#becauseofhatch: Reflecting on the impact of HATCH Experience//Big Sky 2016
“I prefer the absurdity in believing that this very moment matters, and that what we do can actually change the world.” – Pete Strom, HATCH facilitator
In its thirteenth year the HATCH summit gathered together 150 of the greatest minds in the world, all striving to “HATCH a better world” through creativity and innovation. They call it The HATCH Experience. But to those who attend, it is so much more than an experience; it is the lasting impact. The workshops, networking opportunities, ideas generated, and solutions hatched will impact peer circles and communities around the world, long after the weekend has come to a close.
The ripples of ingenuity have already begun to spread globally, from the high school student connecting with a new writing mentor, to the filmmaker giving business advice to the startup tech director. HATCH is more than a summit. It is more than workshops and networking opportunities. HATCH creates a space for people to find commonality between one another and truly connect over the basic tenets of what it means to be human.
In between his service as a US Marine, Quentin Robinson has danced professionally for seventeen years. He was invited to HATCH as a performer and an innovative artist, and on his first day he happened to meet Alan Macy, founder of BIOPAC systems, a data collection and analysis company. They both realized their interest in studying the physical body’s movements connected to music. Quentin has had an idea for awhile to attach electrodes to a dancer and allow them to create sounds through muscle movement. His idea originated with a friend who is a ballerina, and also happens to be deaf. In this process, for example, a bicep flex may be a bass drum or a leg lift may be a violin note. Quentin wonders, “What if we could create an entire song with multiple dancers?” After attaching electrodes to Quentin while dancing, Alan is now going to take the data gathered and create musical notes. #becauseofhatch Quentin, in collaboration with Alan, will be able to give his deaf friend, and all people with disabilities, the chance to, literally, ‘feel the music.’
Emma Bowen, a seventeen year old at Bozeman High School met others in a HATCH breakout group who wanted to address inequality around the world. She wanted to start an equality movement that targeted young people through social media to “bridge the gap” between different racial and social groups. With a handful of other HATCH participants, and about half of those being high school students, they created the Instagram feed, @samediffus, a movement geared towards artistically showing the sameness in people regardless of race, gender, or socioeconomic status. Portraits of people are halved and combined with the face of someone who appears to differ from them. Emma says that, while physical differences may be easier to portray, it won’t always be physical. “We want to get to know people’s stories first,” she says, “and so people may be paired up based on different lives instead of just physical differences.” Emma says that her first HATCH experience, and being able to work on the @samediffus project was “truly life changing.”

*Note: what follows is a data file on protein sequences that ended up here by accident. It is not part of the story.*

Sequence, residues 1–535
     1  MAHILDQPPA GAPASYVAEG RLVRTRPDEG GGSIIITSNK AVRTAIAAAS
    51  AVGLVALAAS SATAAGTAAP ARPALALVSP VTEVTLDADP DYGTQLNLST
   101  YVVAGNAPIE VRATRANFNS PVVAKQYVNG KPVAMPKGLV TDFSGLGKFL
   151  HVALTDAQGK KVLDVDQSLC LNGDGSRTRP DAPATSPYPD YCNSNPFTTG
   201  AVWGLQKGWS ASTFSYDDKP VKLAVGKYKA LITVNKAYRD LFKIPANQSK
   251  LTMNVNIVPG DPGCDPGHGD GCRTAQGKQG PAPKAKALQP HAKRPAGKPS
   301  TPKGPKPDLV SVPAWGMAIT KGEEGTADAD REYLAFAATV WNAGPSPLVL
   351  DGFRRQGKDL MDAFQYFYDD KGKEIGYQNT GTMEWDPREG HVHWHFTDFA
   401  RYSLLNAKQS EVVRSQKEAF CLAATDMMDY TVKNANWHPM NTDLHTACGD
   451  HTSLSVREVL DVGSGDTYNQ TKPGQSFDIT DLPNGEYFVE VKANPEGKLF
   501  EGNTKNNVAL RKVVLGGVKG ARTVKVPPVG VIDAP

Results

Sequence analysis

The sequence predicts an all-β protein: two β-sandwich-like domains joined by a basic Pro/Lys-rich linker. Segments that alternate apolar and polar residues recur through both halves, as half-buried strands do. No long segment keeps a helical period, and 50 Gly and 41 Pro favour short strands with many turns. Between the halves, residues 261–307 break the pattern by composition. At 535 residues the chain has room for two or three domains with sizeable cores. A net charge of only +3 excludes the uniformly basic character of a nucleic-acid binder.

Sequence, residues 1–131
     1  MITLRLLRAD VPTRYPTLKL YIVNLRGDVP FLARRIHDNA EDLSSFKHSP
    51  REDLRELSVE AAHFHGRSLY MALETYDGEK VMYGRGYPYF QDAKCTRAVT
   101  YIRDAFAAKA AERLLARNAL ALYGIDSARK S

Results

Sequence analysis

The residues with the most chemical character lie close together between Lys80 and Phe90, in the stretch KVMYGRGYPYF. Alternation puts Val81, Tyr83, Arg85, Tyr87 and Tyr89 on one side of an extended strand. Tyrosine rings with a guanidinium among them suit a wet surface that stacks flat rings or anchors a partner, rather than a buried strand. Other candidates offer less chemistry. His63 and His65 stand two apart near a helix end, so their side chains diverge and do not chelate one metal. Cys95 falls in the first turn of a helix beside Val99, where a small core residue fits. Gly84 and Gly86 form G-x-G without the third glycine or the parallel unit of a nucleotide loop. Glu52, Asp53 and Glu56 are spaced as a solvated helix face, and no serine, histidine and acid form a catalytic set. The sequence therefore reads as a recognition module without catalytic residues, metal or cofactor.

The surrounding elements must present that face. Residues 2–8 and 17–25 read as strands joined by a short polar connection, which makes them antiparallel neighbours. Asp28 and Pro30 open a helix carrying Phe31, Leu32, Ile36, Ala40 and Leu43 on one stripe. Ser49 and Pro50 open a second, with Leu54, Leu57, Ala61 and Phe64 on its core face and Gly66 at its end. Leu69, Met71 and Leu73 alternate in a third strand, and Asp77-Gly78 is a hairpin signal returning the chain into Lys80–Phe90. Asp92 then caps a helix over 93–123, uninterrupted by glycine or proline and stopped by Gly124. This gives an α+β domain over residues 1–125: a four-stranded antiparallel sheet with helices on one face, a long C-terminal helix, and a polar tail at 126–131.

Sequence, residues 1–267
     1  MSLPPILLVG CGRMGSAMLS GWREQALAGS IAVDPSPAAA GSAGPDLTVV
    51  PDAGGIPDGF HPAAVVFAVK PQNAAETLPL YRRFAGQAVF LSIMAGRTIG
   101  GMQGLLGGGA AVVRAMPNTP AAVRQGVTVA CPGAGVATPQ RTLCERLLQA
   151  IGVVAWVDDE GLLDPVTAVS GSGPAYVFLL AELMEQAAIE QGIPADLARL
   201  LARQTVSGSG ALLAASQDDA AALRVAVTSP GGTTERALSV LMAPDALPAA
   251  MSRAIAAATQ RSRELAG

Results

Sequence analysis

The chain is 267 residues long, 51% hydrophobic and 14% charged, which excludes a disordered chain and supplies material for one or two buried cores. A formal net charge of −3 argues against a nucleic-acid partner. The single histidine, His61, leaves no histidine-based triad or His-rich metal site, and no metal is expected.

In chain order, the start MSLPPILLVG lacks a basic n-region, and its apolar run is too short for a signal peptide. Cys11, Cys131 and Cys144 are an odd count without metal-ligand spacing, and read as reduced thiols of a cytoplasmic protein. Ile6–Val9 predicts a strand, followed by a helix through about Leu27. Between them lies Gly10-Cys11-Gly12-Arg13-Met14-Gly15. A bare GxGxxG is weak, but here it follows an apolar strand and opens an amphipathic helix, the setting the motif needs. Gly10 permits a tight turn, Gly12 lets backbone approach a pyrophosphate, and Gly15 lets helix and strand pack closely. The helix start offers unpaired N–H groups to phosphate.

Founder of Max Lowe Media and a representative of National Geographic Creative, Max Lowe traverses the world in search of stories through words and images. He understands the adventure-filled world having been raised first by professional climber Alex Lowe, and then climber Conrad Anker, after Alex passed away in a climbing accident in 1999. This past spring two mountaineers discovered Alex’s body, more than sixteen years after the tragic accident, and the Lowe-Anker family made the arduous journey to the mountains of Tibet to retrieve his body. Max spoke at HATCH about the physical and emotional journey and the search for meaning around family, passions, and challenges. Moved by his speech, fellow filmmakers and artists approached Max about collaborating. #Becauseofhatch a project has emerged with Max, the founder/CEO of a video licensing platform, a festival director, a musician, a choreographer, and other filmmakers, that will “bring an idea to fruition inspired by the emotions that came from HATCH,” Max explains. Together they are working on a choreographed film about people opening up and being vulnerable, while gaining a better realization of who they are. “It’s cool to learn how to approach the walls you put around yourself and approach what you believe you can and can’t do.” Whether it’s regarding family, career, or the struggle to define oneself in the world,” Max says, “You take these challenges in life and rise to the occasion.”